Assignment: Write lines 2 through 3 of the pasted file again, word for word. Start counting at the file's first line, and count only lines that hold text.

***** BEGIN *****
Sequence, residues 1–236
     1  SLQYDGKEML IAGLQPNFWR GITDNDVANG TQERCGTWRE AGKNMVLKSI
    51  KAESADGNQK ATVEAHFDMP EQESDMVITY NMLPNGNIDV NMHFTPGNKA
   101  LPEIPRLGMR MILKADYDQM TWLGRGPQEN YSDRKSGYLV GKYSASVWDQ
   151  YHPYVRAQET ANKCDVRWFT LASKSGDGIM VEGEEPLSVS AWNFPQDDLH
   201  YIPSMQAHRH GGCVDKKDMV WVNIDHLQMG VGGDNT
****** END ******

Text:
     1  SLQYDGKEML IAGLQPNFWR GITDNDVANG TQERCGTWRE AGKNMVLKSI
    51  KAESADGNQK ATVEAHFDMP EQESDMVITY NMLPNGNIDV NMHFTPGNKA